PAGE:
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Ben Sheets needs one more year for his pension

Aug 5, 2010, 9:37 AM EDT

Stuff you don’t think about much: ballplayers need ten years of service time in order to get a major league pension.  As Susan Slusser noted yesterday, however, Ben Sheets only has nine years, service time, which could provide the incentive to undergo another arduous rehab process and pitch again.

Or maybe Sheets will find a way to scrape by on the $52,218,000 he’s made in salary over those nine years.  Could go either way, really.

  1. Professor Longnose - Aug 5, 2010 at 9:51 AM

    How much is the pension?

  2. Chris Fiorentino - Aug 5, 2010 at 9:59 AM

    I was thinking the same thing…what is the “Full major-league pension”?

  3. Craig Calcaterra - Aug 5, 2010 at 10:04 AM

    It’s not a ton, relatively speaking. As of a couple of years ago, the average 10-year retiree earned less than $200K a year on it. It goes up with more service time.
    I may have been a bit too dry for my own good here. I really wasn’t being serious that Sheets would be thinking about this. Just found it odd that Slusser mentioned it wrt a player who has earned $50 million in his career.

  4. Craig Calcaterra - Aug 5, 2010 at 10:05 AM

    Probably worth noting, of course, that Canseco made more than that, and based on all of his problems, I’m sure he needs that pension to make ends meet.

  5. BC - Aug 5, 2010 at 10:07 AM

    Hey, why shouldn’t he give it a shot. Not like he’s 43 or anything. Look back at all the health issues Cris Carpenter had. Now the guy’s a stud. Maybe the guy just wants to play baseball?

  6. Chris Fiorentino - Aug 5, 2010 at 10:19 AM

    If it is only (only??) $200K a year, then it is kinda odd that Slusser would even mention it.

  7. APBA Guy - Aug 5, 2010 at 10:21 AM

    My brother’s kids have been coached by ex-major leaguers in Florida since they could walk. Those guys all say the same thing: play until everyone says you can’t. I think we’ll see Ben attempt a comeback in 2012.

  8. G2 - Aug 5, 2010 at 10:25 AM

    http://business.illinois.edu/d-sinow/fin434/docs/MLB%20Pension%20Plan%20-%20Final.ppt
    a cute power point presentation on the MLB pension plan. they get some level of pension the minute they play, and at ten years, they get $185k a year. Also a great health plan that covers for life after four years of service

  9. JimmyY - Aug 5, 2010 at 10:33 AM

    The point is, that at lifetime earnings over $52 million, even with the tax impact, that these guys would know enough to stash away a good amount so they don’t have to rely on being coaches, camps, etc., and just live the life like anyone of us would do. $200K pension is just gravy.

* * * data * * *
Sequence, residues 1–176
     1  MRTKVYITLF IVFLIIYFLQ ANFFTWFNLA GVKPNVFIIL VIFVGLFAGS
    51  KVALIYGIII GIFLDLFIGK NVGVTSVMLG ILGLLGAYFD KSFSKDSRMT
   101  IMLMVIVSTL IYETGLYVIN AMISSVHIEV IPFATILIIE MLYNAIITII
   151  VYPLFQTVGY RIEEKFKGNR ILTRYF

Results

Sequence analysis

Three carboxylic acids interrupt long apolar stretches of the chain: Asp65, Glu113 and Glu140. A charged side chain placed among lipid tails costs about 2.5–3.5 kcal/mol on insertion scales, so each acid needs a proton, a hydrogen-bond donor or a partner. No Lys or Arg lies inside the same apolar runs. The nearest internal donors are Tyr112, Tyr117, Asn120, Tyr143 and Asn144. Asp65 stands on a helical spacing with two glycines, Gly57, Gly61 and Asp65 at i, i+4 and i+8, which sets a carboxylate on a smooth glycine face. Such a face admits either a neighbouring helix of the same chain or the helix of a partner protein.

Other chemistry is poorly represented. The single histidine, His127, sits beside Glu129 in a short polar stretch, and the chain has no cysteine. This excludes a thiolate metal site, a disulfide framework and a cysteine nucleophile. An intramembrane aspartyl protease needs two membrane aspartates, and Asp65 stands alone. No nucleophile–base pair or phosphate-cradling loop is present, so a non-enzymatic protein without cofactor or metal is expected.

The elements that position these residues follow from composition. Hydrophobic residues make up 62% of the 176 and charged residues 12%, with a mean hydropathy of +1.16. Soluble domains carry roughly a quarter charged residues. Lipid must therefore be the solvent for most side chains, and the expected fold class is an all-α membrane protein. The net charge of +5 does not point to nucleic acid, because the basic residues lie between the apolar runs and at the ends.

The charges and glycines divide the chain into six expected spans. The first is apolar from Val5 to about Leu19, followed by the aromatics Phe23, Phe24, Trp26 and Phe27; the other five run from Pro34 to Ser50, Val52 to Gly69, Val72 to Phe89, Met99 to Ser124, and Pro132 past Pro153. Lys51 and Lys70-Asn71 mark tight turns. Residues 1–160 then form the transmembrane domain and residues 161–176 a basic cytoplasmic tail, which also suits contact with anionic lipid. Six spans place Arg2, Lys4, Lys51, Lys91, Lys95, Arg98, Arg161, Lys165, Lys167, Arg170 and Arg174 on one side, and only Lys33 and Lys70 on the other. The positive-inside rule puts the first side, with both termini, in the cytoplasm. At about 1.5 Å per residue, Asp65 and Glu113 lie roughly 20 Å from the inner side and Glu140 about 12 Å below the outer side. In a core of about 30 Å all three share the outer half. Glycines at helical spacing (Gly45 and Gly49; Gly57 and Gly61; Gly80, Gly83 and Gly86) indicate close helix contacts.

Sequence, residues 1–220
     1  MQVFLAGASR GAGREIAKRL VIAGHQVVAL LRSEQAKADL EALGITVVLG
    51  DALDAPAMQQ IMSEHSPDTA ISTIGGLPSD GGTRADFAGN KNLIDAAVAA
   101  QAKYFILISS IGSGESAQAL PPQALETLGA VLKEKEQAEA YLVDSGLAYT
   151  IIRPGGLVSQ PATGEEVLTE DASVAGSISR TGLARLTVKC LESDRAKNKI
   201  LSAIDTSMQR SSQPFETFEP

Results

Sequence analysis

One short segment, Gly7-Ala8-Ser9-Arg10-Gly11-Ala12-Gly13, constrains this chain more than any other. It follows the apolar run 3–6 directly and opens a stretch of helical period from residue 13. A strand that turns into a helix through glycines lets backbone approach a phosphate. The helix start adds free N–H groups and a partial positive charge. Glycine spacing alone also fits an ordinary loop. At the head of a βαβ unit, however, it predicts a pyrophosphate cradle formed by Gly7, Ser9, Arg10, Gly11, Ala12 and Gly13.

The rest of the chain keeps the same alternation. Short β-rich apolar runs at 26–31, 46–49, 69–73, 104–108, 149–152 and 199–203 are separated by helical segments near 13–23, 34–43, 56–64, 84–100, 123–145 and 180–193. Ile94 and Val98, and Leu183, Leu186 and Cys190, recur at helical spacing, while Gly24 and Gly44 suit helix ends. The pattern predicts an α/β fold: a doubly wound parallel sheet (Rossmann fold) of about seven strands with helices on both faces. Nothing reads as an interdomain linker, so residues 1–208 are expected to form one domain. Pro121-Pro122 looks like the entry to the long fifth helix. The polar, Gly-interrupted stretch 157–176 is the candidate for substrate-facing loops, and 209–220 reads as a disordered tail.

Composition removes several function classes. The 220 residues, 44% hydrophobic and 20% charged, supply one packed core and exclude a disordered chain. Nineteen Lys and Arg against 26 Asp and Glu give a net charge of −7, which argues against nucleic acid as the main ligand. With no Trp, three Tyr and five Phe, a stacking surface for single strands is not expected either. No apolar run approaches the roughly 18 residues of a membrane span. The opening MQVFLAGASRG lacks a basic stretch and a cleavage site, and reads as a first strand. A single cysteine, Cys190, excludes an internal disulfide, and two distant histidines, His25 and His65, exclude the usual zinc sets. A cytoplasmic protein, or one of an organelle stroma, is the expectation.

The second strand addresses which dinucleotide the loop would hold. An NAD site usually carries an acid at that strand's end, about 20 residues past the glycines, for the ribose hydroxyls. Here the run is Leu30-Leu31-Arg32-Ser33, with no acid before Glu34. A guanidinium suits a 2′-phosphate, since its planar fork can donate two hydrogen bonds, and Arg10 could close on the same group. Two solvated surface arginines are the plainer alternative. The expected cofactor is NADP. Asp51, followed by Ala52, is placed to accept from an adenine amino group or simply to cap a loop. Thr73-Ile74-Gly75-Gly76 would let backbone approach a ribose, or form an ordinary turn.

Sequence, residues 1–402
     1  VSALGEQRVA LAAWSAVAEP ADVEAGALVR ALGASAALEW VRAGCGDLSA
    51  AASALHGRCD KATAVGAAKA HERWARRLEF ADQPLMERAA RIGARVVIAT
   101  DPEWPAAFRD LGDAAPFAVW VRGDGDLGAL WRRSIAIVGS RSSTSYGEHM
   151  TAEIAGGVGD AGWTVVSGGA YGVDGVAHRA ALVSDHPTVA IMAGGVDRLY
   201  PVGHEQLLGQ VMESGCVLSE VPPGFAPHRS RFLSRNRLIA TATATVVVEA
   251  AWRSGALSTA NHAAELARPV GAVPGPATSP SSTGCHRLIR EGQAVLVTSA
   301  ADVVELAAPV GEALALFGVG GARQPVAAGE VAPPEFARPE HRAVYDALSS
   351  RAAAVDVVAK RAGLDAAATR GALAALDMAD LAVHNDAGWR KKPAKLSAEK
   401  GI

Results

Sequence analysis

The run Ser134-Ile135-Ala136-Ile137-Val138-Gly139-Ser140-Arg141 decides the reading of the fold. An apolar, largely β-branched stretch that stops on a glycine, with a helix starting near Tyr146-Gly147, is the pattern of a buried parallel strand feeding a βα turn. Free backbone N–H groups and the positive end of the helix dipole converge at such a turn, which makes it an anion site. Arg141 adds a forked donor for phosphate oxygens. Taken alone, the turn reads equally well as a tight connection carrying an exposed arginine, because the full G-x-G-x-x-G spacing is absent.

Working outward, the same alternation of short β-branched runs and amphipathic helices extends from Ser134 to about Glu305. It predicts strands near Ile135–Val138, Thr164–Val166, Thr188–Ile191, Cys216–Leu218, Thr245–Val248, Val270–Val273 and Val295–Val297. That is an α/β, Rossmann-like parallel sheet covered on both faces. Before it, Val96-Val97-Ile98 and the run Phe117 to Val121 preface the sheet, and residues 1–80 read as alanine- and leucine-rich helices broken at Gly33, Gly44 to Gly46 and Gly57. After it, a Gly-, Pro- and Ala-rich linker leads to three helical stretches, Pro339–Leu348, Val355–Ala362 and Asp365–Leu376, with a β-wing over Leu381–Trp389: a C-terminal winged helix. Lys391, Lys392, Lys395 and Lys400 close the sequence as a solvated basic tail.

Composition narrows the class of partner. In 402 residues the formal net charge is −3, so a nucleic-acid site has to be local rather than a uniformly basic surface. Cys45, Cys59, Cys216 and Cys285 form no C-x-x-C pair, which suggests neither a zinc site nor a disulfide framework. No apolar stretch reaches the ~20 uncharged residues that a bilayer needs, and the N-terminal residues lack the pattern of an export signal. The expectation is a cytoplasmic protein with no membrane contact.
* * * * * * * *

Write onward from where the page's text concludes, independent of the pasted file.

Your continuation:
10. Detroit Michael - Aug 5, 2010 at 10:47 AM

    Be aware that at least some aspects of that PowerPoint presentation are wrong.

  11. scottp - Aug 5, 2010 at 11:20 AM

    Actually, 10 years is what he needs to max his pension out. He qualified for a pension at some level years ago.

  12. John_Michael - Aug 5, 2010 at 12:26 PM

    What makes you think that these guys would know enough to stash away a good amount…? Many pro athletes don’t have a college education. And (remember I said many, not all) if they have a degree, it’s something craptastic that allowed them to focus on playing ball. Not that I think there’s anything wrong with that. College is a time to prep yourself in order to maximize your future income. However, look at the average American with massive piles of credit card debt. What makes you think someone who had a lot of money can automatically handle it better?

  13. willmose - Aug 5, 2010 at 2:05 PM

    scottp, thanks for posting the facts. 10 years maxes the pension, 5 years is the magic number to get the pension. Craig, why is $200K per year such a small amount? $16K+ per month buys a lot of suds even at ballpark prices.

  14. Alex - Aug 5, 2010 at 2:16 PM

    $200K isn’t huge, but if he collects it for 50 years, that’s $10M (and maybe it will go up). Worth a shot.

  15. JBerardi - Aug 5, 2010 at 4:39 PM

    It’s kinda silly that the pension goes up after so much service time. If you’re in the league for ten years, that means you’ve made it to free agency, which should mean that you’re set for life. The guys who only manage to hang around the league briefly and never make more than the minimum would seem to be the ones in need of a pension.

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